Motor carriers that operate a vehicle weight of 10,0001 lbs or more, transport at least 8 passengers including the driver, or who transport hazardous materials that require placarding. 

When do you have to do a post-accident Drug and Alcohol test?
  • If there is a fatality
  • Disabling damage to any vehicle involved that requires a tow and the CMV driver receives a citation
  • If an involved party requires transport for medical attention away from the scene (not by request) and the CMV driver receives a citation
How long do you have to do a post-accident Drug/Alcohol test?

A post-accident drug test is required within 32 hours and a breath alcohol test is required within 2 hours from the time of the accident.

If a drug test is not done within 32 hours, what do I do?

If after 32 hours a driver is unable to test, all efforts must cease. The employer must prepare and update a file explaining in detail why the test was not conducted in a timely manner. Document failure to test on your MIS report.

If an alcohol test is not done within 2 hours what do I do?

If a driver is unable to do the test after 8 hours all efforts must cease. The employer must prepare and update a file explaining in detail why the test was not conducted in a timely manner. You must document failure to test on your MIS report.

What happens if you fail or refuse a test?

You fail a drug or alcohol test by testing positive to a drug test or registering a 0.04 or greater alcohol content. Either of these results requires you to be immediately removed from performing safety-sensitive functions such as driving a CMV until successful completion of the return to duty process with a DOT qualified substance abuse professional. Refusing to take a drug or alcohol test must be treated as a positive result.

Why are drivers required to take breaks? What are the FMCSA requirements for breaks?

The HOS rules are in place to minimize driver fatigue and improve safety on our roadways.

  • FMCSA requires CMV drivers take a mandatory 30-minute break after 8 hours of being on duty.
  • CMV drivers may drive a maximum of 11 hours after 10 consecutive hours off duty.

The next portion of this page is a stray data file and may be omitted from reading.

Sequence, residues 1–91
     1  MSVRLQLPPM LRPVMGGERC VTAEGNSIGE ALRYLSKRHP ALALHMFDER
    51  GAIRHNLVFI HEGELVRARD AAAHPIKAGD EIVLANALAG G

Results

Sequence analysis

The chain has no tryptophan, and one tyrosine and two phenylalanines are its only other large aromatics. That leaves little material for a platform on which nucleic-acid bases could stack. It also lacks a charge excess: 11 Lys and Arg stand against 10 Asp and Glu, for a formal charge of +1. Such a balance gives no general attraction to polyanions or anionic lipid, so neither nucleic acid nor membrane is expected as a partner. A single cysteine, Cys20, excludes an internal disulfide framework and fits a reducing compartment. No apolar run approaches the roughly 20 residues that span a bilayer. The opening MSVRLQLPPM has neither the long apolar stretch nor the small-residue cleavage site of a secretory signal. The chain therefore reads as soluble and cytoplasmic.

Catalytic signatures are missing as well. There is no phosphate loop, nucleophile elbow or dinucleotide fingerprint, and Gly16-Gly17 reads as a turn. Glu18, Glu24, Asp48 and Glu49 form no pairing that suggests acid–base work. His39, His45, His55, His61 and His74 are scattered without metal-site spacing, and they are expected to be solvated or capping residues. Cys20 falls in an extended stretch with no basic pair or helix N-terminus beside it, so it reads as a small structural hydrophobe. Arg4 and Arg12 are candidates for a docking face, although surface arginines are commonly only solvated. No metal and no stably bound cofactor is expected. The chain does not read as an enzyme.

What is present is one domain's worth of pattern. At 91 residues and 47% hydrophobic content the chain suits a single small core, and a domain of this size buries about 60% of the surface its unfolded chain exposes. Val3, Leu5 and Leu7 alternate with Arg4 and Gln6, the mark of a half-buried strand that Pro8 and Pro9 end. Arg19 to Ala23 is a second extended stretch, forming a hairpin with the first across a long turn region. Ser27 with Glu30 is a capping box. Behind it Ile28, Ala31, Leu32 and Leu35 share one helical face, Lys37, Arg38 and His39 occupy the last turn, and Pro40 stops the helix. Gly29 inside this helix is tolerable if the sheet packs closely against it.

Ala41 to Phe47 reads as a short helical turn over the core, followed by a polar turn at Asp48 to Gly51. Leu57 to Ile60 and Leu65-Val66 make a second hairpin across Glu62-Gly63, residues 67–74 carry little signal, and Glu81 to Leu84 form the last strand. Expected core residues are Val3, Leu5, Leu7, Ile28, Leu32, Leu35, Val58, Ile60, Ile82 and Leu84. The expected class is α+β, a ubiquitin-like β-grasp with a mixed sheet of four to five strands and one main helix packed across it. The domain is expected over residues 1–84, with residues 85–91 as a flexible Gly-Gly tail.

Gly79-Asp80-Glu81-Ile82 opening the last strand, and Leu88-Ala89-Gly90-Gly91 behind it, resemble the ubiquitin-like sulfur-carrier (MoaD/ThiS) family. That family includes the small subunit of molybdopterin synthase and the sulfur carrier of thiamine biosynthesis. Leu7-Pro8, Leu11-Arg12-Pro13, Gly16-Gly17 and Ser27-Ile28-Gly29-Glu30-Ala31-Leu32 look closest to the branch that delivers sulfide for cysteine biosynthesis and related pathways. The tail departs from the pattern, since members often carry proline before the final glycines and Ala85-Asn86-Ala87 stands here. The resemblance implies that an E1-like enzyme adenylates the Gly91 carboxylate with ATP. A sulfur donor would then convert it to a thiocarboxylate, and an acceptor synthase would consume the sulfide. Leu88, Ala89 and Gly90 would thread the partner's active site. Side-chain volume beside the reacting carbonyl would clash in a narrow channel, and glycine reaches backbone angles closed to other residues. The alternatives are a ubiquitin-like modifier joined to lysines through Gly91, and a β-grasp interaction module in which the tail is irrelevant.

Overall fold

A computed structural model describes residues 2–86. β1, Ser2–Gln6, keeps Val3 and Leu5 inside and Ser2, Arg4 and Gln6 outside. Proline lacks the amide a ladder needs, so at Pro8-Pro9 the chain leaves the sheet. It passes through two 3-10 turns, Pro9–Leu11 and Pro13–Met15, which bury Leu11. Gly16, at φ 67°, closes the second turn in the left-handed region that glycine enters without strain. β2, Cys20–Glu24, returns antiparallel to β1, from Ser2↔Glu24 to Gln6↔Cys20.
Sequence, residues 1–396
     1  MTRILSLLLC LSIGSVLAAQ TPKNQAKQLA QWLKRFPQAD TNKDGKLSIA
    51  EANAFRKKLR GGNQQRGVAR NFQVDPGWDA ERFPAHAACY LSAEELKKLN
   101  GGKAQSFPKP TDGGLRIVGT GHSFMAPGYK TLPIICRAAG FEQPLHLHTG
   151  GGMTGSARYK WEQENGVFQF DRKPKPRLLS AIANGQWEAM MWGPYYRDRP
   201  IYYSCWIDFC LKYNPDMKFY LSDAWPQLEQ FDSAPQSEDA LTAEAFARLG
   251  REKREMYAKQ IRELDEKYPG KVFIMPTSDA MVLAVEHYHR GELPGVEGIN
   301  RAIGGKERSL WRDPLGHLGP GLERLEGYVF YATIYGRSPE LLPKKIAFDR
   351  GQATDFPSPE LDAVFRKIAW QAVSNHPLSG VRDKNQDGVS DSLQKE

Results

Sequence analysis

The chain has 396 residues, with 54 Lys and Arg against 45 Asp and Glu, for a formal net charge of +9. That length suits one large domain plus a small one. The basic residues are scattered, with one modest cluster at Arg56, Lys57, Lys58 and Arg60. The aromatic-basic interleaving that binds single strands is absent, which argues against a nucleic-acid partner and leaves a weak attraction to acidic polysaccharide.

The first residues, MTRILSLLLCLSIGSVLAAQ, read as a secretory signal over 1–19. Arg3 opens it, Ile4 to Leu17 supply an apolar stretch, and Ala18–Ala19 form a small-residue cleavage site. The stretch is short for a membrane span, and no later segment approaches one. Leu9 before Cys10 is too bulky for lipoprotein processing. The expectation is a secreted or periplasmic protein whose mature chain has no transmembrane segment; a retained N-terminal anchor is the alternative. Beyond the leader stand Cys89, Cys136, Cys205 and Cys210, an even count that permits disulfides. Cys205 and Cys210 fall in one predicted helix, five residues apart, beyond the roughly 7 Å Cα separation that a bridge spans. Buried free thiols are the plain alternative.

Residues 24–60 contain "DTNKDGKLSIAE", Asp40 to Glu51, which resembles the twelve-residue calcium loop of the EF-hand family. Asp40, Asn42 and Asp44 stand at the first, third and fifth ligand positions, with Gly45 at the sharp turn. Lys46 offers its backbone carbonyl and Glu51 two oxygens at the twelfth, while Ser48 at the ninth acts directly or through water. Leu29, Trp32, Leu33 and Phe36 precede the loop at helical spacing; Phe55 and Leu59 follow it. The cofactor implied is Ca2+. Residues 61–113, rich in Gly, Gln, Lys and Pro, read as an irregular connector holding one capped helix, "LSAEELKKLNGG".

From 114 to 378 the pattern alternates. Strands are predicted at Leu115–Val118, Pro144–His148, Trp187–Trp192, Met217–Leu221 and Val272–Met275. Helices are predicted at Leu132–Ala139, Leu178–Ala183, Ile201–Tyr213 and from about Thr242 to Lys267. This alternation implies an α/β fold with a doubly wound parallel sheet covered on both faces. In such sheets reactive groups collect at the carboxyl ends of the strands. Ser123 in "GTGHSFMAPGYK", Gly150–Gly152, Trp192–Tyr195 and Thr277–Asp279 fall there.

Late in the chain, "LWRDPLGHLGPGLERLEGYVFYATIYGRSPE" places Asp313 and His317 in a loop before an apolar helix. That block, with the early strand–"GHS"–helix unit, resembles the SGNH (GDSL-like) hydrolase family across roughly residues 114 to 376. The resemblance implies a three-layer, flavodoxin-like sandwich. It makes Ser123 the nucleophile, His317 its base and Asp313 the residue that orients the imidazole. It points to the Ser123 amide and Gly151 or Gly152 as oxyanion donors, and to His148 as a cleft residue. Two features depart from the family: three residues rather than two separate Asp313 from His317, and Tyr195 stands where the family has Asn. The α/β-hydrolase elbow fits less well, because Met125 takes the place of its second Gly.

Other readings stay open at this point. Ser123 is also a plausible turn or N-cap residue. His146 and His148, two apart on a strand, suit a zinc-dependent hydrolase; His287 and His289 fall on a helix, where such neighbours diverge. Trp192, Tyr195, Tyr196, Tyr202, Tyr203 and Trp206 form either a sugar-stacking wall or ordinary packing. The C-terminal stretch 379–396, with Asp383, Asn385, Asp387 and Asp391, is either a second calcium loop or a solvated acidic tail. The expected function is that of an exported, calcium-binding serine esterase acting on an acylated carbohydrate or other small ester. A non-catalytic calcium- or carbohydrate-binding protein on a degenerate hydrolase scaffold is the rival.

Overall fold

• CMV drivers may not drive beyond the 14th consecutive hour after coming on duty, following 10 consecutive hours off duty.
When does the ELD mandate go into effect?

The ELD mandate fully goes into effect on December 16, 2019. All vehicles using AOBRDs – Automatic On-Board Recording Devices will be required to electronically track Hours of Service.

Who has to follow Hours-of-Service regulations?

Drivers of Commercial Motor Vehicles

What is a CMV? A CMV is a vehicle that is used as part of a business and is involved in interstate commerce and fits any of these descriptions:

Weighs 10,001 pounds or more, has a gross vehicle weight rating or gross combination weight rating of 10,001 pounds or more, is designed or used to transport 16 or more passengers (including the driver) not for compensation, is designed or used to transport 9 or more passengers (including the driver) not for compensation, or is transporting hazardous materials in a quantity requiring placards.

What are the 7 CSA BASICs?

Unsafe Driving, Driver Fitness, Drug and Alcohol (Controlled Substances,) Vehicle Maintenance, Crash Indicator, Hours of Service, and Hazmat (hazardous materials compliance)

What does the acronym BASIC stand for?

Behavior Analysis and Safety Improvement Catagories

What is the SMS (Safety Measurement System)?

The SMS assesses motor carrier performance and compliance by organizing data into the BASICs.

Where does the data on SMS come from?

The SMS calculates the amount, severity, and date of violations, inspections, and crashes you have been involved in and assigns a weight to it. The more recent the date, the more weight is given. The SMS groups carriers by BASIC with carriers of similar fleet size with similar safety events (crashes, violations, and inspections.) The SMS ranks the carriers based on their BASICs and assigns them a percentile of 0-100. The higher the percentage score, the worse the safety performance.

How long does data remain on CSA?

CSA Violations and Roadside Inspection Results remain on a carrier’s CSA for 2 years and a driver’s personal CSA for 3 years.

Will violations and crashes stay on the company’s CSA if the driver goes to another company?

Yes